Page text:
Hello Christina, regarding focus I use auto-focus... either AF-S (single focus mode if the camera is hunting focus) or most times AF-A (the camera chooses between single focus or continuous focus depending if the subject is stationary or moving). Not knowing your shutter speed or lens for these shots make sure your shutter speed is fast enough to overcome any movement. I shoot everything hand held (my camera and lens are small and light weight), a good rule to use to determine shutter speed for a particular lens is the mm of the lens x the crop factor or the camera. A 300mm lens on a Nikon with a crop factor of 1.5 would need a shutter speed of 1/450, with VR you can cheat a little but not the 3 or 4 stops that is claimed. Regarding white birds... my starting point in bright sunlight is -1EV. I shoot a test shot and check the blinkies. Spot metering the bird normally does not work because the highlight that will clip most times is too small to meter off. Know that if shooting white birds in bright light there will be clipping and look for it. Once clipped that detail is lost. It is easier to preserve the detail and raise the exposure in Lightroom, normally there is a margin of +/- 2 stops. Below is a Snowy Egret shot in bright sunlight in Florida at 1/500, f8, ISO 100, -1EV.

    Bird Photography - White Birds

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    Brownbear's Avatar
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    Re: Bird Photography - White Birds

    Thank you Joe.. I admire your bird photos and aspire to take shots just like you one day. The clarity and detail and focus in your photos is absolutely perfect.

    My camera is a Nikon D80 and I used a Nikor Af 8-200 mm lens (no VR but one day I plant to upgrade to lens with VR or a camera and/or a camera with image stabilization) Hand held. Matrix metering. Continuous autofocus. iso 320 Aperture priority F8.. shutter speed 800 (focal length 98 mm).. Exposure bias +.3 (I forgot to change after trying to shooting ducks in flight)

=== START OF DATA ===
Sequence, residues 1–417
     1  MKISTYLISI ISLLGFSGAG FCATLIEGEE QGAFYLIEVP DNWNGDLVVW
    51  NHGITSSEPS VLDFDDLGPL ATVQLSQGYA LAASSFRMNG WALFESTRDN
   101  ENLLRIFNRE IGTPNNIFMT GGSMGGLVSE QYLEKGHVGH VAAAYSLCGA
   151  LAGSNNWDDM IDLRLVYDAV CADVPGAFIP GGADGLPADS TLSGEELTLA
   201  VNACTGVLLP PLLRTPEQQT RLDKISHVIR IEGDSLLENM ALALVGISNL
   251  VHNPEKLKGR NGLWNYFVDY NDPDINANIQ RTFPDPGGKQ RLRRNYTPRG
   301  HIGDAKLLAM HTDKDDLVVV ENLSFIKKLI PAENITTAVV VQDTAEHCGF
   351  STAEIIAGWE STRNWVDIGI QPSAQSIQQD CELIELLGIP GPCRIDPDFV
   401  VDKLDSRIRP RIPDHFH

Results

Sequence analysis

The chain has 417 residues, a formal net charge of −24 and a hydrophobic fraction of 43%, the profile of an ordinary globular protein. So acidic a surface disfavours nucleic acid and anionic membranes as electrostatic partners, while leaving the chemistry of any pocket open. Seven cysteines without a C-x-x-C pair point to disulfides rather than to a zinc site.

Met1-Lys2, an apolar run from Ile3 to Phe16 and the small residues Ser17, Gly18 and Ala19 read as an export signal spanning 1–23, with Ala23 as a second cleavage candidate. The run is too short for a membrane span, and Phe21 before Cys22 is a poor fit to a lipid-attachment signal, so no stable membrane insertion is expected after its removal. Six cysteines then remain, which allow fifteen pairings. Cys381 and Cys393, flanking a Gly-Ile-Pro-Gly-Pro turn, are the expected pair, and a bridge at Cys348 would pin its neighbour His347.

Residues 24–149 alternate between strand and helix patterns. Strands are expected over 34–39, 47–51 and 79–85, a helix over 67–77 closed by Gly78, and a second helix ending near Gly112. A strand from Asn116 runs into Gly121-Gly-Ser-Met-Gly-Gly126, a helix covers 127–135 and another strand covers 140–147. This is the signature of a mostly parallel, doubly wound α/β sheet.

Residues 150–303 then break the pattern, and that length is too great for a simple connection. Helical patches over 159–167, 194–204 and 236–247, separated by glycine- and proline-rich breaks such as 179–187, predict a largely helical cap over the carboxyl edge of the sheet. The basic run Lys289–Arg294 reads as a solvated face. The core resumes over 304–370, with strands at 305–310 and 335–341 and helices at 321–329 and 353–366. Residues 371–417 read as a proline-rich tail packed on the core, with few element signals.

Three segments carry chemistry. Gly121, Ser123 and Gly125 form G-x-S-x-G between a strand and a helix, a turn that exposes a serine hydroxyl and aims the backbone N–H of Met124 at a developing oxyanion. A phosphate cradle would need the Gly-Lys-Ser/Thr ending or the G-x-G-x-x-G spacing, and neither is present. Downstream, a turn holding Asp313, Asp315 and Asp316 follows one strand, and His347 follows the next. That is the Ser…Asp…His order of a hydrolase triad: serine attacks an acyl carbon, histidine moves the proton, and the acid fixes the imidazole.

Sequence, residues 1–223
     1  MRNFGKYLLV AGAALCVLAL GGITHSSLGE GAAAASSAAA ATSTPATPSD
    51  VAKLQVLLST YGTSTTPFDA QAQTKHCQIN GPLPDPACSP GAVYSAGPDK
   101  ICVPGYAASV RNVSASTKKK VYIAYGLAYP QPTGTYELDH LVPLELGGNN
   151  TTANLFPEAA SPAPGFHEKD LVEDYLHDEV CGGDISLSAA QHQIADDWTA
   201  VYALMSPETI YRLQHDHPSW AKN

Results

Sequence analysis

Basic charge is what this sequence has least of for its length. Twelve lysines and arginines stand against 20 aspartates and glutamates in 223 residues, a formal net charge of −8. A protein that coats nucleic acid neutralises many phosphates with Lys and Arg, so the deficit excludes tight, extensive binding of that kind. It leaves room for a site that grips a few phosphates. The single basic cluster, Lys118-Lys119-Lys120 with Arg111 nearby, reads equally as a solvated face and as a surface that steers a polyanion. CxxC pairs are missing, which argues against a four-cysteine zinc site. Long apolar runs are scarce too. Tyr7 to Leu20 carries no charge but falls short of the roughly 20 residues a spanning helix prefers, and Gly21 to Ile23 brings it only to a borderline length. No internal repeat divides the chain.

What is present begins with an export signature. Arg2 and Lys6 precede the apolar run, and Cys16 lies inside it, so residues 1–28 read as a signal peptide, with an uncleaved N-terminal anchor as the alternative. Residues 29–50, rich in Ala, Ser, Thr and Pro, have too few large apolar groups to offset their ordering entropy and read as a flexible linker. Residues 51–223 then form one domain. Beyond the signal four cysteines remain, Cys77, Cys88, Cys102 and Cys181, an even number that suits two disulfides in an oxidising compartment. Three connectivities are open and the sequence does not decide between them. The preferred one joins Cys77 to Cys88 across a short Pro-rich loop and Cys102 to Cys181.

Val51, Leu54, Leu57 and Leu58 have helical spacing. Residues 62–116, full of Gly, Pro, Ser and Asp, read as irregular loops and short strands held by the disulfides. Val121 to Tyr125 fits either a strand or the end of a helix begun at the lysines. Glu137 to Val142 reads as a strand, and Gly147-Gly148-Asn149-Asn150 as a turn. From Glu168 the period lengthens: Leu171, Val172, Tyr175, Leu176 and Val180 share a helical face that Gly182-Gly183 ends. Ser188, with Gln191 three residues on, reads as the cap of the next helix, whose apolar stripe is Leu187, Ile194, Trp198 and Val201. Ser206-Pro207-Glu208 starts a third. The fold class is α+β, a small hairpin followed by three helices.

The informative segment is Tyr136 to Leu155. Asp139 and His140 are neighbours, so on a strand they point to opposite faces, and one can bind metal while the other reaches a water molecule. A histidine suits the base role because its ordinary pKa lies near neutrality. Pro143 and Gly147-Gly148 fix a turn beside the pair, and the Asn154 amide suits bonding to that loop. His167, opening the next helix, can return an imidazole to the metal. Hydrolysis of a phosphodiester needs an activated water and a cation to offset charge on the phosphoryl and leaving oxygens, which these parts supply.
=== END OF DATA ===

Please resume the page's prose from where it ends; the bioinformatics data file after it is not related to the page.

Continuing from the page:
I was shooting mid-day.. bright sunlight, harsh shadows, and I think my biggest mistake was forgetting to change the exposure compensation.


    Very helpful and good to know... I know where this goose lives (and he does not have the nicest disposition) and I will try again, following your advice when the sun returns. Thank you so much.

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    Re: Bird Photography - White Birds

    Quote Originally Posted by Christina S View Post
    I think my biggest mistake was forgetting to change the exposure compensation.
    I would say that your biggest mistake was not checking the histogram, or at least the blinkies. Doing so would have told you to adjust the exposure compensation. My point is that even if you had changed your exposure compensation before taking your first shot, you would still have needed to check your histogram.

    So, make it a religion to check your histogram after every series of photos. I stressed that with my wife so much that she figured it was easier to do it than to listen to me reminding her to do it. She got so used to checking the histogram that it has become second nature to her. She wouldn't think of releasing the shutter without checking it immediately after, and it has made a world of difference in her photos, not to mention the ease that I have while post-processing them.